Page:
“So playful Love, on Ida's flowery sides,
With ribbon-rein the indignant lion guides ;
And love and music soften savage hearts.” This little passage must be allowed to contain many highly poetical elements ;-a pleasing allegory most fortunately illustrating its intended theme ; both the truth and the fiction contributing to modulate the language into something of their own symmetry and beauty, and so altogether forming (in the true spirit of Art) a gem of representative poetry.
of the one is perfect, in proportion as the peculiar truth is presented in its completeness with brevity and precision; the art of the other is consummate when some phase of life is so illustrated that all essentials are preserved in few particulars,—the results of any length of time, and any number of circumstances, being fully reflected within the limits of a brief and uncrowded picture.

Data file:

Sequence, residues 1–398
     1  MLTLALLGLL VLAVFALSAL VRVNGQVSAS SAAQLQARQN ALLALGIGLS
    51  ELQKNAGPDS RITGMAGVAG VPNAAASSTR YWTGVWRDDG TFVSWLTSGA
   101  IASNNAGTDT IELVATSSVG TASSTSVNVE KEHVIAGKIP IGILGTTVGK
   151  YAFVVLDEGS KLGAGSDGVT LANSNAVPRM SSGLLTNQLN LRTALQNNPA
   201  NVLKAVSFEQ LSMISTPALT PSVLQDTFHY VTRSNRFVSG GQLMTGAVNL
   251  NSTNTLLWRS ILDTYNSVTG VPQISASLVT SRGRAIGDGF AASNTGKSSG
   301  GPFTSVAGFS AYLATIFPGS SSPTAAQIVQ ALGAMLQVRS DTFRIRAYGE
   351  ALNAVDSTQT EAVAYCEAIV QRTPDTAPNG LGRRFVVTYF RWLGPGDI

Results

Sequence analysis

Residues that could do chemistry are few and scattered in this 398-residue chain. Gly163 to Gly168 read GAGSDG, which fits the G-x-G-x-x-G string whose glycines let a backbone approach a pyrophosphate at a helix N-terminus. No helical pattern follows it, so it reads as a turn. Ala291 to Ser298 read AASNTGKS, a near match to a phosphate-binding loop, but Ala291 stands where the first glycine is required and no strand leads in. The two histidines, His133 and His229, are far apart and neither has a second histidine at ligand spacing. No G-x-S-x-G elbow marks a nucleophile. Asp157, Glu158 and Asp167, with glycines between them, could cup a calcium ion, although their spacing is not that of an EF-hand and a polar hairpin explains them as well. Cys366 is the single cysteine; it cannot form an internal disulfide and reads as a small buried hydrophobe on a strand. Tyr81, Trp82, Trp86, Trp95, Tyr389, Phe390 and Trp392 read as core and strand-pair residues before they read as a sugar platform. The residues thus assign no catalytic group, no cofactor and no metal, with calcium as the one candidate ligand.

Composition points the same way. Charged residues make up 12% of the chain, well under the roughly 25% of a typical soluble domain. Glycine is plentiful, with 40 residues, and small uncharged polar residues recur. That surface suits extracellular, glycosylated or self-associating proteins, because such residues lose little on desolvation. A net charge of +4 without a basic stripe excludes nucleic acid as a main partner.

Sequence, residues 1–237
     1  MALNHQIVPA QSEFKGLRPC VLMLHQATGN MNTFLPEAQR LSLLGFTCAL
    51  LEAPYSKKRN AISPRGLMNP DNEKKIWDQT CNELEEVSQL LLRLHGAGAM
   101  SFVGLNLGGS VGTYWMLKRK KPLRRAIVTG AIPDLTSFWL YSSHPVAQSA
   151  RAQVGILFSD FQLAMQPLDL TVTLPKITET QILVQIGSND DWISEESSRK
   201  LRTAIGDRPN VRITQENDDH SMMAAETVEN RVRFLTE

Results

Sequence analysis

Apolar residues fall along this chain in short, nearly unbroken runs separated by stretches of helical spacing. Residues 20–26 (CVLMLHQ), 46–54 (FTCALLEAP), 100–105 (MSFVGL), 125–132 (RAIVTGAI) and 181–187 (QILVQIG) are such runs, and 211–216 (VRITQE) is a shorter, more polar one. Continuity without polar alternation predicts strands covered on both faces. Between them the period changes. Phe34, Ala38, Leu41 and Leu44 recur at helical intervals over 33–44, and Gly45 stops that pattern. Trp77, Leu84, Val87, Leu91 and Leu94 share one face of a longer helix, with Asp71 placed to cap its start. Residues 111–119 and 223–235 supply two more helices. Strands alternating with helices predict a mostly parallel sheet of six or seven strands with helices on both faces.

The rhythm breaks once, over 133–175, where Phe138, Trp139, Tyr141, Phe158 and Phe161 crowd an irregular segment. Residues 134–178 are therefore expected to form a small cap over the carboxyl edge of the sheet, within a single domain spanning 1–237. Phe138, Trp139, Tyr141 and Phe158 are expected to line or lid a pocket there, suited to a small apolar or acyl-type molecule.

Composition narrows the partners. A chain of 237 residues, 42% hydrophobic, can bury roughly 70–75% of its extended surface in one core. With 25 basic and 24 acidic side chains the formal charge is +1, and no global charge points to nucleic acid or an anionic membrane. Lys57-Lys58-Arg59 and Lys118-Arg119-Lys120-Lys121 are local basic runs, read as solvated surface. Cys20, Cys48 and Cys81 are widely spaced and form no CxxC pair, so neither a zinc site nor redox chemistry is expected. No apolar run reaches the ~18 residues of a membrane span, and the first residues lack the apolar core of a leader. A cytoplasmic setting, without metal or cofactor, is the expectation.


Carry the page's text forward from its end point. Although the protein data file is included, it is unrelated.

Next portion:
The application of these remarks to moral science and religious truth requires only to be mentioned, and not further insisted upon; and the reader will thus have followed us to a point to which we shall have occasion to return. All poetry may (and undoubtedly should) be essentially accordant with religion. But it must not profess too much, or it will perform too little. Poetry must reflect, and not propound; illustrate, and not dogmatise. In one branch only may the highest themes be safely dwelt upon,-namely, in that of strictly devotional poetry ; a species of the first excellence, but peculiar in its nature, as demanding the inspiration of the saint, as well as that of the bard. Collaterally, sacred thoughts and allusions may be in strict keeping : always should the work of the poet, as a whole, profoundly harmonise with Scripture truth. Still poetry is an art, -nothing less, and nothing more : and its moral influence, when exercised as such, is sufficiently great and manifest without suffering it to trespass upon the higher province of religious doctrine,-thus losing its own characteristic excellence, and (which is a far more serious consideration) compromising the dignity and value of religion itself. All didactic poetry is as distant, in its relation to poetic art, as geometrical drawing is in regard to the art of painting ; but theology, of all subjects, is that which would admit of the fewest ornaments in verse. The admirable poems of Cowper are therefore sui generis, and must be allowed to stand alone, apart from all imitation, because they resulted from a union of gifts which the poetic character does not commonly include, nor for its own proper exercise require. The drama of the Tempest, removed as it is from emulation by its unrivalled beauty, is yet a more exact poetic model than The Task. Moreover, as a professed teacher, the poet may err as readily as far less gifted men. He will perhaps more frequently produce the erroneous philosophy of the Essay on Man, than the scriptural morality of the poem on Truth ; and, most assuredly, he cannot exercise his highest poetical functions while soberly enforcing a doctrine that admits of neither embellishment nor